Tainted-Blood fund extended after failure to issue public notice
At least 200 potential victims of Canada's tainted-blood scandal have never been informed they could be entitled to compensation.
Only recently, and a decade after the Canadian Red Cross Society put more than $70 million into a fund for people who received diseased blood transfusions, did the fund's trustee learn no public notice was ever given about the availability of one portion of the fund.
The mix-up is the latest indignity in Canada's worst publichealth scandal, in which thousands of hemophiliacs and transfusion recipients contracted HIV/AIDS, hepatitis C and other diseases in the 1980s and early 1990s.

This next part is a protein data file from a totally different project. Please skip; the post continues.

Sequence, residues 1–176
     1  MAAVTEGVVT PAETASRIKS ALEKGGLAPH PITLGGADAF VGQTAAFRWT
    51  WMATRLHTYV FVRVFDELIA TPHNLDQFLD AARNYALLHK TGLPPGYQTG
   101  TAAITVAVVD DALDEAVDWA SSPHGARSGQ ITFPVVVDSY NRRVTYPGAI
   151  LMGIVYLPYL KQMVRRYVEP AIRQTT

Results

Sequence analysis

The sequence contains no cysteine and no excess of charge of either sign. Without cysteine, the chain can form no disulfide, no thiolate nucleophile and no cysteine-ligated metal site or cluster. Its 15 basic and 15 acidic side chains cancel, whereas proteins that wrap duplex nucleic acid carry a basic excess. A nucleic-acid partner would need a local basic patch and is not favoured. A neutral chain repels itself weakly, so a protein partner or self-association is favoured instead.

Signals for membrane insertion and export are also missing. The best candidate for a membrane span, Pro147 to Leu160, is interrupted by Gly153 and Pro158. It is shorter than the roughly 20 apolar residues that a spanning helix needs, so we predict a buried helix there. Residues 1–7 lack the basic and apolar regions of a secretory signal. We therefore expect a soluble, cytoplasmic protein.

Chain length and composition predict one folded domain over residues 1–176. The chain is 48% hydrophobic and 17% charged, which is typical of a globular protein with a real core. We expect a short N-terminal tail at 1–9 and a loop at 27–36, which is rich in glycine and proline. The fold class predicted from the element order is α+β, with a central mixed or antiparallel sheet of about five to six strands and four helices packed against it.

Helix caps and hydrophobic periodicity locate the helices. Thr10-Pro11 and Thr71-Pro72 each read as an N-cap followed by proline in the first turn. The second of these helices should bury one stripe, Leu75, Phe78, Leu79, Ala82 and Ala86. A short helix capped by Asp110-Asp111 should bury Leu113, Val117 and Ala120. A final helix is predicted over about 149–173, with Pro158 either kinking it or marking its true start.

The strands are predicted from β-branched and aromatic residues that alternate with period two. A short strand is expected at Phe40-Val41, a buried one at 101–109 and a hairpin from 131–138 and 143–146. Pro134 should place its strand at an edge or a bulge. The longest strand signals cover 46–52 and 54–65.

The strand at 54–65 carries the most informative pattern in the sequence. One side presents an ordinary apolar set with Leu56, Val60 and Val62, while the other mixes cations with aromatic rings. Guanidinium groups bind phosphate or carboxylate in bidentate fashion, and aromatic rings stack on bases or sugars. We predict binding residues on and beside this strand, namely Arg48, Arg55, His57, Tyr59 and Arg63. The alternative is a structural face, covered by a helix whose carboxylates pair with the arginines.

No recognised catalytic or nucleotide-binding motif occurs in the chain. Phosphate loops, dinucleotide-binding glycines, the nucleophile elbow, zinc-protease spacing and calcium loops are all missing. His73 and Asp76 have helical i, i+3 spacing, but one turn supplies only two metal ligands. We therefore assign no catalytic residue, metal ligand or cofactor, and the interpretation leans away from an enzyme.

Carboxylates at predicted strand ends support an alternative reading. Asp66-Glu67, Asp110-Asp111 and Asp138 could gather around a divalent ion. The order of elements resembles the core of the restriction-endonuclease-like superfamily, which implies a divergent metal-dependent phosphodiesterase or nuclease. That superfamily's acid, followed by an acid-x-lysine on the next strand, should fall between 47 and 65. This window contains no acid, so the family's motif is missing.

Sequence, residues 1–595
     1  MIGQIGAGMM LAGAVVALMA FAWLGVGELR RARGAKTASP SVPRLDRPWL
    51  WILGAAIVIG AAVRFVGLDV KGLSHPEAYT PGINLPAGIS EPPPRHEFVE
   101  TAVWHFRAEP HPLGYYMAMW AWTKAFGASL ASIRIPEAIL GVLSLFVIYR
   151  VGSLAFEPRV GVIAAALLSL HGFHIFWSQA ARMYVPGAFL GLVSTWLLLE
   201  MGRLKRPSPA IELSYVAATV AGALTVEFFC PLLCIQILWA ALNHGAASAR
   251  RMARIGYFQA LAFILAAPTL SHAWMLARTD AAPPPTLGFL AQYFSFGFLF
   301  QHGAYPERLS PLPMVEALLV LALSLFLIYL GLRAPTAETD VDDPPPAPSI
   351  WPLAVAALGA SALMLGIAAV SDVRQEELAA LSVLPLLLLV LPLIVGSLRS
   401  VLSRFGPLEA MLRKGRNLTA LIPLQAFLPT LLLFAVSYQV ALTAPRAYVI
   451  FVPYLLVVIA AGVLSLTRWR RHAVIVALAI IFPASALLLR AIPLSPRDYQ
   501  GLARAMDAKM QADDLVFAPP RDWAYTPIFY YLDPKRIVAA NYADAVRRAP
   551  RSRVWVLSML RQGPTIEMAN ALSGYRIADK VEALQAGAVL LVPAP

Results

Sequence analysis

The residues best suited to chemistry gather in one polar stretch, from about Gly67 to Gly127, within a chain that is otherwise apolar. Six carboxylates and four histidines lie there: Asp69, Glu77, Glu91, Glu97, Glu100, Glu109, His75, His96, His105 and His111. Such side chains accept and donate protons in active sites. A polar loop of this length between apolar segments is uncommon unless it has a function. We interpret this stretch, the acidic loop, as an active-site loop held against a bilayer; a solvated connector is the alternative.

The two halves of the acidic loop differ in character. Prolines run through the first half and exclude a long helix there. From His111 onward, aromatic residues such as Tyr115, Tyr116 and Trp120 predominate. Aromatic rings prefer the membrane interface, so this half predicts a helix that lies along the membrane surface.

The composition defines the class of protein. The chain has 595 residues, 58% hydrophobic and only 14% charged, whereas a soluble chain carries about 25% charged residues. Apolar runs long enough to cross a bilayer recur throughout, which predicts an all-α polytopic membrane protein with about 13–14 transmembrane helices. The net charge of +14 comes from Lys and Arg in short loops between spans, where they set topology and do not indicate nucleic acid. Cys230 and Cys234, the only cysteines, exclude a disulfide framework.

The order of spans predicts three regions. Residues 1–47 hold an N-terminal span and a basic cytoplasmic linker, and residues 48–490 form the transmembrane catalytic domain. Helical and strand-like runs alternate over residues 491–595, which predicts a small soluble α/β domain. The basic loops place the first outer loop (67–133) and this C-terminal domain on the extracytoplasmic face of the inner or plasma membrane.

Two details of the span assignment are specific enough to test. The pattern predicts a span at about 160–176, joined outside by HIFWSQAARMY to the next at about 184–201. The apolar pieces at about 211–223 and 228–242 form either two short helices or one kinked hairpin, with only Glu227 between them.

A $500,000 sum was made available to victims who contracted blood-borne illnesses other than HIV, hepatitis C and Creutzfeld-Jacob Disease (CJD). It is called the "Other Transfusions Claims Trust" or OTC Fund, one of five comprising the overall trust.
Apparently, however, no one told potential victims of the OTC money, according to recent evidence in an Ontario court.
Likely as a result, only two individuals made OTC Fund claims. Each received the $10,000 maximum.
Now, with the OTC Fund set to expire Oct. 5, an Ontario judge has granted a one-year extension, while officials scramble to get the word out and administer any resulting claims.